This entire week has mostly comprised me getting increasingly excited for my first holiday of 2018, as I'm heading off to Amsterdam on Thursday. Expect a whole load of Amsterdam content over the next few weeks as I will take any and every opportunity to write about travel. For now though, here are a few of my favourite reads and watches from the last week.


I've been to Barcelona several times, but not since I was a teenager. I really want to go back and properly experience the city, especially since I've grown to love Gaudi. Charlotte's post on three days in this glorious city is a great read and definitely makes me want to see more of Spain. Considering she managed to forget her camera, her photos taken on her phone are stunning and damn that architecture is stunning! Here's hoping I can make it to the city sometime very soon.

Laila's post on sustainable vs high street fashion was a goody this week, as she talks about the many problems in the fashion industry and her experiences with trying to make more ethical fashion choices. She's got several tips for newbies to shopping sustainably, several of which I'll be trying out.

My good friend Danh recently wrote about her experience of meditation and the effect it's had on her life. I'm more of a casual meditator, only really making time for it when I'm really stressed out and need to recharge. Danh has persevered with it and has really found it makes a difference. This is well worth a read whether you meditate frequently or are just considering getting into, as she answers all those questions you might have but don't know who to ask.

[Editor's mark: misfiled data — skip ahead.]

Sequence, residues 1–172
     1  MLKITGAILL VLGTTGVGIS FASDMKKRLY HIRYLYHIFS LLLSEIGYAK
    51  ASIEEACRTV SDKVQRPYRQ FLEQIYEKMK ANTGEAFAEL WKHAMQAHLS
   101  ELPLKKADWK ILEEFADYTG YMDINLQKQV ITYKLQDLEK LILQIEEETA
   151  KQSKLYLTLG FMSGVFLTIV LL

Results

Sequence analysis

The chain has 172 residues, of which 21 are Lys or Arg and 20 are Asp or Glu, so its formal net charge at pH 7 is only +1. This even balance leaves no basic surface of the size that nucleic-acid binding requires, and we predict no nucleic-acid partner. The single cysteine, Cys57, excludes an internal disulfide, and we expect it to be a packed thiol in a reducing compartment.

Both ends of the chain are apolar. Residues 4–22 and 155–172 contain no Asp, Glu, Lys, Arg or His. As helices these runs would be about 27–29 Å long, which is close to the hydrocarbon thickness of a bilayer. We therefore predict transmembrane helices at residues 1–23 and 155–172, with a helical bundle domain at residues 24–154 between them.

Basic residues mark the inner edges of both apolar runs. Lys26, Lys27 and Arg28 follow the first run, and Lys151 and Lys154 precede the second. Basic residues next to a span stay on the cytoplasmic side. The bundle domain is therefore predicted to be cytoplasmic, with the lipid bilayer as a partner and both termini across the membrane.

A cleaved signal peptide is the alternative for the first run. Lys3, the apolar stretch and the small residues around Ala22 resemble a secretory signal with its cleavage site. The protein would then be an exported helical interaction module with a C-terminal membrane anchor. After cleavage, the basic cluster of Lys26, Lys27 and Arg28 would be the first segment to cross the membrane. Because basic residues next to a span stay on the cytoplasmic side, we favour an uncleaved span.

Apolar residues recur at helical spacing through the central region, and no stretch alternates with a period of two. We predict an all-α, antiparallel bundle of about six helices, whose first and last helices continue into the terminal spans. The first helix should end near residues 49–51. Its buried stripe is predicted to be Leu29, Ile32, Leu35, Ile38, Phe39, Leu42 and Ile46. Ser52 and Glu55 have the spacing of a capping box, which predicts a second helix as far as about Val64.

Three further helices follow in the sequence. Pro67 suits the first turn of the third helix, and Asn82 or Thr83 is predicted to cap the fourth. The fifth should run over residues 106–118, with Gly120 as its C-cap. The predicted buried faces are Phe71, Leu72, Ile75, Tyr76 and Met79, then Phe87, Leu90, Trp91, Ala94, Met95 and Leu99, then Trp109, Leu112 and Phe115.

I've been replaying the Uncharted games over the last few months, having purchased the remastered editions of the first three games on PS4. I'm emotionally attached to Nate and Elena, and I just love these games. 

My boyfriend and I have also started playing the board game Carcassonne pretty regularly; he's great and I'm okay at best, but he has been playing it for years. I'm thoroughly enjoying the weird combination of Risk and Dominoes.

Since I'm flying away on Thursday I'm ~attempting~ to actually plan and write posts ahead of time, which isn't really my strong suit, but it's all under control so far. Keep an eye out on Wednesday and Friday for what's coming up next!

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Friday, 6 April 2018

Fantasies of Childhood vs Realities of Adulthood

As a child, I had a pretty clear idea of what I wanted to be when I grew up. While the career varied greatly, depending on whether I fancied being a microbiologist or an author that, I always knew the kind of woman I wanted to be, but only in the most shallow sense. As a teenager and even as a young adult, I had a fake name that I used occasionally online and for long journeys when the taxi driver or a fellow train passenger decided to make conversation. I would pretend to be this idealised version of myself that I imagined vaguely in my childhood. I was always on my way to Paris for a night for a friend's party or heading to London to meet a boyfriend for a meal. It was more likely that I was heading back to visit my Mum because I was miserable at uni, but I enjoyed the fantasy. Even during uni, I clung to the image of the woman I wanted to be. The woman I pretended to be in my head was tall, she had hair of flaming ginger like I had as a child, she was model-gorgeous, she was from a more affluent area of Lancashire where a friend of mine lived and she lived a life of jet-setting and parties. The reality is I'm none of those things, but a few months ago I came across someone who was. 

Portrait of a hella pale girl in a hedge
Okay but how hilarious/great is this photo? I had to lie in a hedge while loads of fancy people who were staying at the Lowry Hotel walked past wondering who the lunatic in the shrubbery was. Shout out to my other half for the cracking photo.

She has the fake name I used for so many years, she's the exact image I pictured as a child and she's as accomplished as I always imagined I would be. It was surreal. It was bizarre just seeing her face, but then learning that her name was my alter ego, followed by the fact that she actually comes from the same town where I always wanted to grow up, and I was distinctly freaked out. If there was ever evidence for a Truman-style game show or a major glitch in the matrix, it's her.